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IT’S FRIDAY MUSIC: Scissor Sisters’ Jake cuts a very dashing debut 

Looking  to re-launch their pop careers after long breaks, two American singers turned to Broadway to get their creative juices flowing again.

Scissor Sisters frontman Jake Shears and San Diego singer-songwriter Jason Mraz release albums today — both after stints in New York musical theatre.

Extrovert Shears donned red stilettos for three months to take on the ‘delicious challenge’ of starring in Kinky Boots, the Tony Award-winning musical with a score by Cyndi Lauper.

Laid-back Mraz appeared, also for three months, with singer Sara Bareilles in Waitress.

The Broadway effect is more pronounced with Shears. His first solo album opens with swirling, show-tune strings, and his recent single Sad Song Backwards is an upbeat break-up song belonging firmly in theatreland. There’s also a touch of music hall to his big ballad Everything I’ll Ever Need.


Scissor Sisters frontman Jake Shears (pictured)  and singer-songwriter Jason Mraz release albums today

But Shears, 39, is a more thoughtful performer than his showy personality suggests. The Scissor Sisters, who broke down barriers as a radio-friendly pop act comprising three gay and two straight members, have been on hiatus since 2012, and he is clearly ready for an artistic detour.

Now living in New Orleans, he made the album with musicians who usually play with Kentucky country rockers My Morning Jacket. Producer Kevin Ratterman is gritty U.S. soul man Ray LaMontagne’s pianist of choice. The overall mood is down and dirty.

When Shears says he was inspired by the Bee Gees, he isn’t talking about their 1970s disco heyday, but an earlier, psychedelic incarnation that produced the 1969 concept album Odessa.

There are surprising moments. Shears salutes his adopted hometown on Mississippi Delta (I’m Your Man). There’s a folky, Laurel Canyon feel to All For What, and nods to ZZ Top on novelty number Big Bushy Mustache.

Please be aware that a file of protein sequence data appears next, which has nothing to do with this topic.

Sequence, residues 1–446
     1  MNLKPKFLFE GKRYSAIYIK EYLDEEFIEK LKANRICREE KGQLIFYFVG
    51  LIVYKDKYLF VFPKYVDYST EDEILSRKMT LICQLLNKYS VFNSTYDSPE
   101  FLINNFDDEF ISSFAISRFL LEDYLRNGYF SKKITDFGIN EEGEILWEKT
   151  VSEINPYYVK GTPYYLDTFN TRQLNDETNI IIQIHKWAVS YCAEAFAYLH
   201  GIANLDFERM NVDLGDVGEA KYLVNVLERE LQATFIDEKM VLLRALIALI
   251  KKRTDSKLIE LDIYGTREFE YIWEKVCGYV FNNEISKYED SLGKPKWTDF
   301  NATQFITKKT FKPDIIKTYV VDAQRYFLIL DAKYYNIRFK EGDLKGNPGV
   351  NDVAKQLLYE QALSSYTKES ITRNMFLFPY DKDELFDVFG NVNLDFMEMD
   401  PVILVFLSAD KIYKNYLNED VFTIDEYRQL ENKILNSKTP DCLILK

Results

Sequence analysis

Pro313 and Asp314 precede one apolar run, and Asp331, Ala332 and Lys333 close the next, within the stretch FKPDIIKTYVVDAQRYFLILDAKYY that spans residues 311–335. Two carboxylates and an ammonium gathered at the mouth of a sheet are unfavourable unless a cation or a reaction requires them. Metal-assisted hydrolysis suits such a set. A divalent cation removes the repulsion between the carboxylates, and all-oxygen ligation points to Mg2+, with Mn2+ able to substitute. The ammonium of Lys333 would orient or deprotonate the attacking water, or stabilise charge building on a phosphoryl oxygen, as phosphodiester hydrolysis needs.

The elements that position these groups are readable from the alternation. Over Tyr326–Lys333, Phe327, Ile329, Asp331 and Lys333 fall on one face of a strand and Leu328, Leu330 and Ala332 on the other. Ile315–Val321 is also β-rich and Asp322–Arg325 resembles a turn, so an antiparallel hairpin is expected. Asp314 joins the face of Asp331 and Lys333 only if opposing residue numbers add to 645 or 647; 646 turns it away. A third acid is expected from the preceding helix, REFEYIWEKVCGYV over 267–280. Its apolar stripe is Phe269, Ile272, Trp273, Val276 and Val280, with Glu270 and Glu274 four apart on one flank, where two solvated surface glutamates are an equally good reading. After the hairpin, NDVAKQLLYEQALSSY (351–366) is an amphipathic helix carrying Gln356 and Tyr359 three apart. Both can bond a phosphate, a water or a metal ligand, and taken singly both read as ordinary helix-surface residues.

He’s also more confessional than we’ve come to expect. Lamenting the end of a long relationship, he addresses ‘the grief and bitter pain’ on Sad Song Backwards. The Bee Gees influences are there on Everything I’ll Ever Need. ‘Sometimes I feel as if I’m a stranger to myself,’ he sings.


Jason Mraz, whose Broadway run ended in February is best known for his hit,  I’m Yours

With Shears’s falsetto in fine shape, echoes of his sassy, pop past remain. The kitsch disco of S.O.B. — ‘I’ve got sex on the brain, willpower goes down the drain’ — would have slotted perfectly onto a Scissor Sisters album were it not for its country guitar, while The Bruiser reprises the throbbing pulse of Iggy Pop’s Nightclubbing.

There are moments when he could do with the pop nous of former co-writer Scott Hoffman, aka Babydaddy. Their partnership propelled the Scissor Sisters to success. But Shears is following his own instincts here.

There’s a less theatrical slant to Jason Mraz’s comeback. The trilby-hatted singer, whose Broadway run ended in February, emerged from the same San Diego coffeehouse circuit as Jewel and Gary Jules, and is best known for his decade-old acoustic hit I’m Yours.

His first album in four years suggests he hasn’t exactly moved on. Sunny pop songs dominate, with Have It All and the reggae-tinged Making It Up echoing the ‘happy hippy’ spirit of I’m Yours.

Have It All was inspired by a blessing Mraz received from a Buddhist monk. Making It Up concludes that a boat should be rowed ‘gently down the stream’.

Meghan Trainor guests on country ballad More Than Friends, and Might As Well Dance was part-inspired by San Diego punk band Blink-182 — the closest Mraz comes to anything remotely edgy.

In troubled times, there’s undoubtedly a place for the cheerful troubadour. But this return would have been much more tempting with a less saccharine taste.

JAKE SHEARS starts his tour on Monday at The Forum, Tunbridge Wells, Kent ( Jason Mraz will play London’s Royal Albert Hall on March 6, 2019 (

GORGON CITY: Escape (Virgin EMI)

London producers Kye Gibbon and Matt Robson-Scott are the obvious peers of fellow dance duo Disclosure, and this album combines hazy, electronic soul with bass-heavy house. The pair’s guest vocalists also place a refreshing onus on homegrown talent. There’s a cameo from electronic trio Vaults, while J.P. Cooper and Yungen join forces on One Last Song. Tyneside singer Lulu James stars on Love Me.

THE PROCLAIMERS: Angry Cyclist (Cooking Vinyl)

The Proclaimers received a robust musical makeover from producer Dave Eringa on 2015’s Let’s Hear It For The Dogs, and the Reid twins stick to a similar tactic here. Their harmonies and clever lyrics are given some Dexys-like clout on the title track. Stretch is a breezy number. Such a dependable outlook won’t win many new fans, but it’s hard not to be moved by the romance of Streets Of Edinburgh.

MILES KANE: Coup De Grace (Virgin EMI)

Miles Kane’s solo work is often overshadowed by his links to Arctic Monkeys singer Alex Turner and that’s the case again here. He displays some original character on the eerie, honest love song Shavambacu, but sticks largely to skilful pastiche. With Cry On My Guitar leaning on Marc Bolan, and Too Little Too Late a routine, three-chord punk thrash, there is more style than substance.

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